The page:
Cases reported "Brain Abscess"

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1/9. role of stereotactic aspiration in the management of tuberculous brain abscess.

    BACKGROUND: Intracranial tuberculous abscesses are uncommon clinical entities, even in countries where tuberculosis is endemic. Surgical excision and antituberculous treatment is the treatment of choice. The role of stereotactic aspiration in the management of these lesions is highlighted in this communication. methods: Three patients, all receiving treatment for pulmonary tuberculosis, presented with symptoms of raised intracranial pressure and neurological deficits. Computed tomography (CT) scans revealed cystic lesions with enhancing rim in the thalamus in two patients and multiple coalescing cystic lesions in the deep temporal region in another. RESULTS: Stereotactic aspiration of the cyst and biopsy of the cyst wall were performed in all. In two, the pus revealed acid fast bacilli (AFB). In another, though the pus did not reveal any AFB, the wall showed tuberculous granuloma. Antituberculous treatment was continued in all the patients. Follow-up CT revealed resolution of the lesions in all patients. CONCLUSION: Stereotactic aspiration is an useful alternative modality of management of tuberculous abscesses in a selected group of patients.
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2/9. Gas-containing otogenic brain abscess.

    BACKGROUND: Gas-containing brain abscesses are very rare. Two mechanisms may be responsible for the presence of intracavitary gas: bacterial fermentation or penetration through an abnormal communication between the exterior and the intracranium. The need to search for this potential communication is considered an indication for open surgery. We report the case of a surgically treated gas-containing brain abscess originating from an undiagnosed chronic otitis media. CASE DESCRIPTION: A 54-year-old man developed acute neurologic deterioration, becoming comatose within 24 hours. A contrast-enhanced computed tomography (CT) scan disclosed a gas-containing cystic mass in the right temporal lobe. Urgent surgical decompression revealed the presence of an abscess, which was excised. During the same surgery, we performed a radical mastoidectomy, removing a previously undiagnosed attic cholesteatoma. Neither procedure revealed a discontinuity of the floor of the middle cranial fossa. Cultures grew a mixed flora. Antibiotics were administered for 6 weeks. The patient made a complete neurologic recovery. CONCLUSION: This report demonstrates that otogenic brain abscesses may contain gas due to fermentation of nonclostridial bacteria.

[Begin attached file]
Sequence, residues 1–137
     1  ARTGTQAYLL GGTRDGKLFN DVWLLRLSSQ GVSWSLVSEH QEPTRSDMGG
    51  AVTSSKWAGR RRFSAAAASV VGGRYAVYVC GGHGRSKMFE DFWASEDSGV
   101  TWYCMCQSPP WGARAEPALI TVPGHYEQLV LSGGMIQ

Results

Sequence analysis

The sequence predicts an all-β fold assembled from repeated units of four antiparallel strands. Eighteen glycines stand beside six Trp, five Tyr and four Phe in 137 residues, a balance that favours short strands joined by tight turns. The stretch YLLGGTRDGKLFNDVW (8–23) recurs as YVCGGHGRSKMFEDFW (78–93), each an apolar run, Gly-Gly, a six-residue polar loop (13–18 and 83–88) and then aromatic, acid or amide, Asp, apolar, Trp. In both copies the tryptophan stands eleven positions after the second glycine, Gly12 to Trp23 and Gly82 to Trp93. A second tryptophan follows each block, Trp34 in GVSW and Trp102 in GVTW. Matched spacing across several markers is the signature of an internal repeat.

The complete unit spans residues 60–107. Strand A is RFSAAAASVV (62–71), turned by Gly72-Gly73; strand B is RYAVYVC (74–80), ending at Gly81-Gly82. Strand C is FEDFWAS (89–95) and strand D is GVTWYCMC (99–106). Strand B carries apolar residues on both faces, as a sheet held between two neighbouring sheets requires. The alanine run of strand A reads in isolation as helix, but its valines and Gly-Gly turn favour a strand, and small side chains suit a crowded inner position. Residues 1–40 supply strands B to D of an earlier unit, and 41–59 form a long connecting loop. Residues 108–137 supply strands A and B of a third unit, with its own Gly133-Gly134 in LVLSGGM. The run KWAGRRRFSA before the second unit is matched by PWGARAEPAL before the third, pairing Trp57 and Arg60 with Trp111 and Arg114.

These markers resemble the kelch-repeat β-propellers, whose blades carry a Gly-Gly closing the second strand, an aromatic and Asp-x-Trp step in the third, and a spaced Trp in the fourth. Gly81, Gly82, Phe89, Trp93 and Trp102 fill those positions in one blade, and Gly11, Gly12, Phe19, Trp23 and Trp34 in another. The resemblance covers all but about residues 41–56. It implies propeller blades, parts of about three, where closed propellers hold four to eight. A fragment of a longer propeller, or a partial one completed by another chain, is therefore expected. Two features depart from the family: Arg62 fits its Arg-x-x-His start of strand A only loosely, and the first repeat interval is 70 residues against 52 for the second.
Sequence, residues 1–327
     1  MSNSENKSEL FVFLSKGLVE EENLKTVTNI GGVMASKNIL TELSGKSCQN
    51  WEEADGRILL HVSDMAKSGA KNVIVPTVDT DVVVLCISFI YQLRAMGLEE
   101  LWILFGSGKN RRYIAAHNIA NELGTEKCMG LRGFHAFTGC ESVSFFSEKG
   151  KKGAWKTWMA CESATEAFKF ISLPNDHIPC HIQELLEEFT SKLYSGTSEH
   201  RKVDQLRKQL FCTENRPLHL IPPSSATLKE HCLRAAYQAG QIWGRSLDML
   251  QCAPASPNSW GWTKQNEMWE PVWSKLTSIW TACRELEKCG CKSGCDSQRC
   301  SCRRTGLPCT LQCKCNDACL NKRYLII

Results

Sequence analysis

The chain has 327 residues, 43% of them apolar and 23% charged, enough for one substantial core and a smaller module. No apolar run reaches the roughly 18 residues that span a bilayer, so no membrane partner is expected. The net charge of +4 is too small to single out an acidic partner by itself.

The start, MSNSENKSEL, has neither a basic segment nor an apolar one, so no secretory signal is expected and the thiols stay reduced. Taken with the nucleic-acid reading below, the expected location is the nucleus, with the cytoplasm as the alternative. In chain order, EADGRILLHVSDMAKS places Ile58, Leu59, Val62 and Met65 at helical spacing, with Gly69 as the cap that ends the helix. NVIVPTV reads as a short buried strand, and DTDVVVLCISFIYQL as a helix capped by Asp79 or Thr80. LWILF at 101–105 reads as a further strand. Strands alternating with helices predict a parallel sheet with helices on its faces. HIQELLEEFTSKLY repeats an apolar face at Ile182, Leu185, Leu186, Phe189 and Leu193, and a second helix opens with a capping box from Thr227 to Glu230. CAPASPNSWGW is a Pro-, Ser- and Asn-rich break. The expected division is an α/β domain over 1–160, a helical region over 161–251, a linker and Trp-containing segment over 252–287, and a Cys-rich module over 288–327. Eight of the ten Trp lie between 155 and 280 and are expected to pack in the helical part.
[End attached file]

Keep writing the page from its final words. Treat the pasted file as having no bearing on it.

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3/9. epidural abscess following frontal sinusitis--demonstration of communication by epidural contrast medium and coronal computerized tomography.

    A case of epidural abscess following sinusitis is presented with rhinorrhoea after irrigation of the abscess cavity postoperatively. Coronal computerized tomography and instillation of contrast medium through the catheter showed communication between epidural space and left frontal sinus.
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keywords = communication
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4/9. Congenital dermal sinuses, dermoid and epidermoid cysts of the posterior fossa.

    Dermal sinuses are abnormal communications between the skin and deeper tissues. Seven cases are presented of occipital dermal sinuses associated with dermoid or epidermoid cysts of the posterior fossa. The cysts were interdural, subdural and intracerebellar. Although they are benign lesions, there is a high incidence of complications, especially infections such as bacterial or aseptic meningitis and cerebellar abscess. The clinical features, radiological and tomographical characteristics, and the relationship to meningeal structures, dural sinuses and cerebellar parenchyma are described.
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5/9. Intracranial abscesses with behavioral changes.

    Intracranial abscesses represent one of the most serious complications of ear and paranasal sinus infections. The infection may spread by bone erosion, preformed pathways, or septic thrombosis via the Haversian canals. This may result in subdural abscesses, meningitis, or intracerebral abscesses. These intracranial complications are associated with a high morbidity. The purpose of this communication is to emphasize that behavioral changes after ear or paranasal sinus infections may be a manifestation of an intracranial abscess.